Surfing

Ireland, facing the Atlantic, whose great breaking rollers have a 'fetch' of hundreds of miles offers superb opportunities for surfing. If the climate was a bit warmer, it might equal Hawaii! So no wonder this is a popular sport, especially since the equipment is so simple - a board and wet-suit and a flotation aid - or even, for body surfers, just a wetsuit and flotation aid!

Surfboards are come in various types, but basically they are a long oval in shape, with a "skeg", a little keel at the back, to help you keep direction. To get into position you lie on the board, paddle out beyond the breaking wave with your hands, and wait till you see a good wave, get on it, stand up, and whiz in! But of course it is not quite that easy for a beginner, and at first stay flat on the board, grip tight and try to stay on the wave.

The Irish Surfing Association(*) is the national body for all Ireland, and deals with all types of surfing from body surfing up to long board. It is not responsible for wind-surfing (see Sailing) or Canoe surfing (see Canoeing). It is currently involved in a major development plan, so now is probably a good time to think about trying out the sport. You can get into surfing by joining the ISA, or better, by joining a surfing club, if there is one near you.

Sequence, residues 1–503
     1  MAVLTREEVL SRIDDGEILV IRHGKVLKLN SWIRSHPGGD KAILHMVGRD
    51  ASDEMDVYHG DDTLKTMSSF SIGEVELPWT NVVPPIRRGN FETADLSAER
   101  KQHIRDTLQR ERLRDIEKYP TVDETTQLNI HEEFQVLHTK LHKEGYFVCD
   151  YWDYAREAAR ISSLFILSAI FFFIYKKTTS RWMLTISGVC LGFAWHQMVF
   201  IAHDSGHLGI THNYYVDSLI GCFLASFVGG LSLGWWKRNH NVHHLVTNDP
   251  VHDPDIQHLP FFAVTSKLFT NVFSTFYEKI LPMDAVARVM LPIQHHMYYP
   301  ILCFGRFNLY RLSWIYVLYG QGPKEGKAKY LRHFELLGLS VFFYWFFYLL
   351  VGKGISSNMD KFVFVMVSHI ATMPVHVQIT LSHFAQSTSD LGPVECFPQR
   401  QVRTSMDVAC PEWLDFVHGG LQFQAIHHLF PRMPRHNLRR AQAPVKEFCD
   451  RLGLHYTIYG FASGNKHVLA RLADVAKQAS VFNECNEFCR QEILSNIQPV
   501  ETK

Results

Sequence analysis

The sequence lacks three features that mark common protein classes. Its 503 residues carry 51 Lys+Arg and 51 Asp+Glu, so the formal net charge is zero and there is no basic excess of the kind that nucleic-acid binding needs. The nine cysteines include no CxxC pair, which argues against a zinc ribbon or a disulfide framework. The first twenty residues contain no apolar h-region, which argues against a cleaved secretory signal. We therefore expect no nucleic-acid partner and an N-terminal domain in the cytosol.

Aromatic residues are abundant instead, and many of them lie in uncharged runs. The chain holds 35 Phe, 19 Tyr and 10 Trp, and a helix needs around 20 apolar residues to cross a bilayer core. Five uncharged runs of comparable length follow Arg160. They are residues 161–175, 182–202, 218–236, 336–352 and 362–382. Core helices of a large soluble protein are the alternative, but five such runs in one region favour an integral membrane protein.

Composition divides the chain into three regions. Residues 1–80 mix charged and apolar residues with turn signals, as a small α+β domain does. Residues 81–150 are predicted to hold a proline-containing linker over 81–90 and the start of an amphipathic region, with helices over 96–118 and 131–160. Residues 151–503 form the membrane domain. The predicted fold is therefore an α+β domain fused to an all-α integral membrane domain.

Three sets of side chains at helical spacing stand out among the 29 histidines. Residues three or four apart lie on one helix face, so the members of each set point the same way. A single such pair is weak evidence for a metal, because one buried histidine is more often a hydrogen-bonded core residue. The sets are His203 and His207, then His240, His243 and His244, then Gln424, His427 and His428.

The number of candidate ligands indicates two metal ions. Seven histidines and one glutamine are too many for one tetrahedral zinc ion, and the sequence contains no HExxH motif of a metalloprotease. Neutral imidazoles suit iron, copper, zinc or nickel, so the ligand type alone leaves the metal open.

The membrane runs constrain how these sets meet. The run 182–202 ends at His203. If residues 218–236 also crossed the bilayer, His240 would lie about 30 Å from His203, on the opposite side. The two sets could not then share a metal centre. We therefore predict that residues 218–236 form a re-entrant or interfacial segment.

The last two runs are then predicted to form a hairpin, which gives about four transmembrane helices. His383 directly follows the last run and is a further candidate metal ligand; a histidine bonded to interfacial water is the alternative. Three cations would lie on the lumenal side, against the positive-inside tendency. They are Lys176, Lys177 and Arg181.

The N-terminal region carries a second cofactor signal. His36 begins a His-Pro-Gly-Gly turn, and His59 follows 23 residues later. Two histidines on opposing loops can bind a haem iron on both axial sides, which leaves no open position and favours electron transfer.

Some of the Adventure Centres offer surfing, and this is a good way to see whether it really interests you. There are ISA coaching courses. Please don't just go and buy a board and launch yourself into the ocean! There are good and bad surfing beaches and the bad ones can be deadly.

Where to Surf

Probably the most popular beaches for surfing are Rosnowlagh, Bundoran and Strandhill in the north-west, Lahinch in Clare, and Tramore on the south coast.

There are several safety considerations. Like all the risk sports, never do it alone, and even with a group, be certain that the beach you choose has no awkward currents, which often vary with the state of the tide. Some beaches have a lifeguard who will be a very useful source of information even if you don't need rescuing. The best advice is to stick to the popular beaches where there are plenty of people around.

Surfing is probably the easiest adventure sport in which to get a mouthful of the local sea water especially near the beach where it is most likely to be polluted, so it is worth looking for a Blue Flag beach. An Taisce(*) is the agency which awards annual Blue Flags, and you can check the list from them.

Websites

Irish Surfing Association: www.isasurf.ie
An Taisce: www.antaisce.org


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